Denosumab-induced Prolonged Hypocalcemia: A Case Study
Calcium and vitamin D need to be closely monitored while administering denosumab.
This article is part of Endocrinology Advisor's coverage of the 26th American Association of Clinical Endocrinologists (AACE) Annual Scientific Sessions & Clinical Congress, taking place in Austin, Texas. Our staff will report on medical research and technological advances in diabetes, obesity, and thyroid conditions, conducted by experts in the field. Check back regularly for more news from AACE 2017.
At the 26th American Association of Clinical Endocrinologists (AACE) Annual Scientific Sessions & Clinical Congress, held May 3-7, 2017 in Austin, Texas, physicians from Henry Ford Health System in Detroit, Michigan, presented a case study of a patient treated for severe hypocalcemia due to treatment with denosumab.1
The human monoclonal antibody denosumab increases bone density and reduces osteoclastogenesis and bone resorption. It is typically prescribed at 60 mg every 6 months for osteoporosis treatment, or at 120 mg every 4 weeks for “prevention of skeletal-related events (SREs) in patients with bone metastases from solid tumors,” the researchers wrote.
Previous research found severe hypocalcemia in 15% of patients treated with denosumab.2 Risk factors for denosumab-induced hypocalcemia, according to the current investigators, “include osteoblastic metastases, high PSA levels, high alkaline phosphatase levels, renal dysfunction and vitamin D deficiency.” The focus of their case study was an 83-year-old male patient with castration-resistant prostate cancer metastatic to bone who had prolonged hypocalcemia resulting from denosumab use.
The patient had received subcutaneous injection of denosumab 120 mg 8 days before presenting to the emergency department with generalized weakness and altered mental status. Clinical examination showed no presence of Chvostek's sign or Trousseau's sign, and lab results were as follows:
- Corrected calcium: 5.4 mg/dL (8.7-10.1 mg/dL)
- Creatinine: 1.6 mg/dL
- Glomerular filtration rate: 45 ml/min/1.73m2 (>60 ml/min/1.73m2)
- Parathyroid hormone: 419 pg/mL (15-65 pg/mL)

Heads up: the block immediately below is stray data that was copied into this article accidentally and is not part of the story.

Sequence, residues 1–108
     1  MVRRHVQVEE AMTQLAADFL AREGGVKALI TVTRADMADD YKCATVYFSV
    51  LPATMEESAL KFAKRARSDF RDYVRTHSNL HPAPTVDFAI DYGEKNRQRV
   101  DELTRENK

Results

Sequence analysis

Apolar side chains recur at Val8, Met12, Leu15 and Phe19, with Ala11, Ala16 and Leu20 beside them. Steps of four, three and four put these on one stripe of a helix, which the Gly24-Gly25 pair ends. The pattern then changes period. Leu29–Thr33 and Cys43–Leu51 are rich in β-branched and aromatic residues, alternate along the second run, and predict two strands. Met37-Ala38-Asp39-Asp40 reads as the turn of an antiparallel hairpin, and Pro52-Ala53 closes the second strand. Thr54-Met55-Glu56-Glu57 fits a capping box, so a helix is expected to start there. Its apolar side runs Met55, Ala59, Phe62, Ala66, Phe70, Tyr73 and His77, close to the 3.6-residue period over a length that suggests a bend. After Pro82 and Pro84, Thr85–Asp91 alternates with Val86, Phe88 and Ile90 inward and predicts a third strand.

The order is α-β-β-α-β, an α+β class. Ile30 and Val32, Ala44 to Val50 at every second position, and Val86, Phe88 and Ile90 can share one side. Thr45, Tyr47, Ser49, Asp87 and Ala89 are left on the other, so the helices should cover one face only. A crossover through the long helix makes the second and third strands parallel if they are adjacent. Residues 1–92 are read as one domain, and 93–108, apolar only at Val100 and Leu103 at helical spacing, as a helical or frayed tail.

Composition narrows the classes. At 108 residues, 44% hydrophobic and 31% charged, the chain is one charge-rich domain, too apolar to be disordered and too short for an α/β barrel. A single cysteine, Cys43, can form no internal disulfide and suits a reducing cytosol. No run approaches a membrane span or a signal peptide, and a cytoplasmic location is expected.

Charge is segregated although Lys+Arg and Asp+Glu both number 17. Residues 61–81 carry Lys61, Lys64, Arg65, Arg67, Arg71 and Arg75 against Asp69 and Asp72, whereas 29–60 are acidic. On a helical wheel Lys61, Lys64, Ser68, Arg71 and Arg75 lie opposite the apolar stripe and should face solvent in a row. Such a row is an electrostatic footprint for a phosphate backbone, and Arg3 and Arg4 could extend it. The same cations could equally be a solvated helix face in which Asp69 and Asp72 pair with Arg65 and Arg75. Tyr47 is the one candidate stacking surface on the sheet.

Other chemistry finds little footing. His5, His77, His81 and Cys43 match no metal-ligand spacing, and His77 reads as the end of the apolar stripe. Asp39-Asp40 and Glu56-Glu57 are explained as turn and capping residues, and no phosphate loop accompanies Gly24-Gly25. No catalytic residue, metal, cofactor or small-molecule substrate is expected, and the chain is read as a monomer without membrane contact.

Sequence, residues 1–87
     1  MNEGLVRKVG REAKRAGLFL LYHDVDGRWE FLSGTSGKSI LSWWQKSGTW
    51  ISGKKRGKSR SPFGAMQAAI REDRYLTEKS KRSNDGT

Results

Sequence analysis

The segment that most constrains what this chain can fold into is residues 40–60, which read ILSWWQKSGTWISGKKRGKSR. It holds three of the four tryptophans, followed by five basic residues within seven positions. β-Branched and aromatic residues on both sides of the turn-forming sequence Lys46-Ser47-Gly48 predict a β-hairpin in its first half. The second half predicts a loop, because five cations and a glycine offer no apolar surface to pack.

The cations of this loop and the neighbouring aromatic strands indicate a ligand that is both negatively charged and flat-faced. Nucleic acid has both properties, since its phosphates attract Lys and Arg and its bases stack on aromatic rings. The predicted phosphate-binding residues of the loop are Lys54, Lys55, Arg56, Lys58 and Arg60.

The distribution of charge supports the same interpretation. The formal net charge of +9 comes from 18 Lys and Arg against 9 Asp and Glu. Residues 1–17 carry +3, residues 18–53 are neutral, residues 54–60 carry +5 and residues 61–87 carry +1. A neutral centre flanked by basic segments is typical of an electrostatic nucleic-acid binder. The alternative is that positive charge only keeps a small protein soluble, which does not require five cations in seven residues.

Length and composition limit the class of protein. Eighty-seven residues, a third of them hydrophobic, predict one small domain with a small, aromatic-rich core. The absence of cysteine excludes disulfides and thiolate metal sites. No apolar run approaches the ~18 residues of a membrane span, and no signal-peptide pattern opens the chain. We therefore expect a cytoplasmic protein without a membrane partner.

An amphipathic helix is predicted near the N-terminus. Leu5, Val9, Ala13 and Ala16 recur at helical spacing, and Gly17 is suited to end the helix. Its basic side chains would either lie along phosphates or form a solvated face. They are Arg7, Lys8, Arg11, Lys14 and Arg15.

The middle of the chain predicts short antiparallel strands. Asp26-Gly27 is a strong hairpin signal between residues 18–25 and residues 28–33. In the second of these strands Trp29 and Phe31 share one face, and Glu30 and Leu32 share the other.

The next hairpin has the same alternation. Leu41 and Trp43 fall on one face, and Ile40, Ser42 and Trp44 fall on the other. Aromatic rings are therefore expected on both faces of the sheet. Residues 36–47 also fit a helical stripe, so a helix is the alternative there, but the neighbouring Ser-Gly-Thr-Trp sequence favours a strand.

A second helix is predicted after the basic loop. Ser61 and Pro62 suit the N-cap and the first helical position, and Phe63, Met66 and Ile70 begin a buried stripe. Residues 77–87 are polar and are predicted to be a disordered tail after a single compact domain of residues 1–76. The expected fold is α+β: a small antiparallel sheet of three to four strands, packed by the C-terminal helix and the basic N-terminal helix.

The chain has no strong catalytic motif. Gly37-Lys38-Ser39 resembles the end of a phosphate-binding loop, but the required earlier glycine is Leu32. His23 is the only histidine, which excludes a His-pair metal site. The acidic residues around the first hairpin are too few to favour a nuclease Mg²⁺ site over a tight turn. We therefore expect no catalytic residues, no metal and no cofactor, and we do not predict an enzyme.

- Alkaline phosphatase: 237 IU/L (0-140 IU/L)
- Magnesium: 1.7 mg/dL (1.8-2.3 mg/dL)
- Phosphorus: 2.5 mg/dL (2.5-4.5 mg/dL)
- 25-hydroxy vitamin D: 41 ng/mL (>20 ng/mL)
- Prostate-specific antigen (PSA): 163.5 ng/mL (<4.0 ng/mL)
In addition, prolongation of the corrected QT (QTc) interval was observed on electrocardiogram.
When multiple intravenous boluses of calcium gluconate failed to significantly improve serum calcium levels, the patient was admitted to the intensive care unit. Following a 36-hour continuous infusion of calcium gluconate, serum calcium and ionized calcium increased to 7.2 mg/dL (8.6-10.4 mg/dL) and 1.0 mmol/L (1.0-1.35 mmol/L), respectively.
The patient returned to the hospital twice in the 5 weeks post-discharge due to asymptomatic hypocalcemia, despite daily supplementation with ≥3 g of oral calcium carbonate and 4 mcg of calcitriol. Calcium levels again improved with continuous calcium infusion, and 7 weeks after denosumab was administered the patient required daily supplementation with 4 g of oral calcium carbonate, 10 mcg of oral calcitriol, and 2000 IU of vitamin D3.
The researchers emphasized the importance of monitoring and correcting levels of calcium and vitamin D before denosumab is administered, and the supplementation of both nutrients during and after administration of the drug. “Prolonged calcium infusion and high dose calcitriol may be required to correct severe hypocalcemia,” they noted.
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- Das LMV, Gopie S, Rao S, Lahiri S, Bhan A. Denosumab-induced prolonged hypocalcemia: need for high-dose calcium and calcitriol supplementation. Abstract 508. Presented at: 26th American Association of Clinical Endocrinologists Annual Scientific Sessions & Clinical Congress. May 3-7, 2017; Austin, TX.
- Autio KA, Farooki A, Glezerman IG, et al. Severe hypocalcemia associated with denosumab in metastatic castration-resistant prostate cancer: risk factors and precautions for treating physicians. Clin Genitourin Cancer. 2015;13(4):e305-e309. doi:10.1016/j.clgc.2014.11.008